Poem: Fall Run

Poem: Fall Run

Fall Run

The rivers still run
Through my mind
As one violent force:
Mira; Margoree; Miramichi;
St. Mary’s; Mersey-

When the days became short and cold
And Septembers’ rain made the rivers rise,
The Salmon began their Fall Run.

Before sunrise my mother crept
Into my room,
Shook my shoulders and whispered-
“Get ready”.

My father, focused, drove in silence
Sipping instant coffee from a stainless steel

We’d march our gear and tackle
Through marshy fields,
Whipping branches and thorns,
Sliding down muddy banks so steep
I clung to a rope hung from a tree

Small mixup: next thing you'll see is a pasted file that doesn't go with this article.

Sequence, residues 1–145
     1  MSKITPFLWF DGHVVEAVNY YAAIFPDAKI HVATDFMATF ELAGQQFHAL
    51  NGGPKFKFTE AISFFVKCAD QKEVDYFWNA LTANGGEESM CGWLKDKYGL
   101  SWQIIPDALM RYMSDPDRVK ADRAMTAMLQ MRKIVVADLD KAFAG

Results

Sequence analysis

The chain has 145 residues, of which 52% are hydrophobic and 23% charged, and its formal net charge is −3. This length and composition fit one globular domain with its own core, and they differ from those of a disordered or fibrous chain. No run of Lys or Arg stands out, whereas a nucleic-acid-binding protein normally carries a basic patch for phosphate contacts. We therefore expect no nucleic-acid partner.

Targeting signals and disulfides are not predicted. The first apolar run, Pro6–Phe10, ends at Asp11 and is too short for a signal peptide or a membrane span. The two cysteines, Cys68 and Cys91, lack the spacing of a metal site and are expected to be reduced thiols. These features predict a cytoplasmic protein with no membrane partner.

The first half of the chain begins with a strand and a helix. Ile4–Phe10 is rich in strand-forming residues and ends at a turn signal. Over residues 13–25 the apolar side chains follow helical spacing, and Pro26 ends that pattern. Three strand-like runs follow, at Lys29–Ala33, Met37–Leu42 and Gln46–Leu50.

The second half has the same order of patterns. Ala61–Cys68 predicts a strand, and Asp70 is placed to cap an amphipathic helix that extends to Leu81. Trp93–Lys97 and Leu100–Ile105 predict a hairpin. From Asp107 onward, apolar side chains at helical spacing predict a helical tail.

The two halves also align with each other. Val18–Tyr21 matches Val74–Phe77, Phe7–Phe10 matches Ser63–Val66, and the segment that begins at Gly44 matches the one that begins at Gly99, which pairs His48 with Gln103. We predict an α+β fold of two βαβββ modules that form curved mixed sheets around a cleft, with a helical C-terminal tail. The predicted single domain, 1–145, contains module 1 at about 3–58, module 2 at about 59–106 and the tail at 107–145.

My hands burned as raw
As if I’d grabbed a boiling pot.

“This is my river”,
He explains,
Casting his line into the distance-
Like a ringmasters whip.
“Casting is all in the wrist”.

I fill the space beside him,
Behind him,
Trying to keep my feet under me.
I try-
Casting with too much line and too little wrist.
“It’s like this”,
He says, as the line cracks
Straight back,
Straight ahead.

Patterned like a prawn,
The fine feathers from
His handcrafted fly:
Hot Orange Seal’s Fur;
Crystal Flash;
Golden Pheasant;
Shimmer near the opposite shore.

I could never tell him
My wrist was sore,
My legs cold and aching
From the constant pressure.

With a splash,
His rod bends sharply.
The line howls, and with a quick
Jerk, he sets the hook.
The small fish is no match for him-
But, admiring its potential,
He sets it free.

“Maybe next time he’ll be stronger” he says,
Looking back at me.

— Robert Greenough


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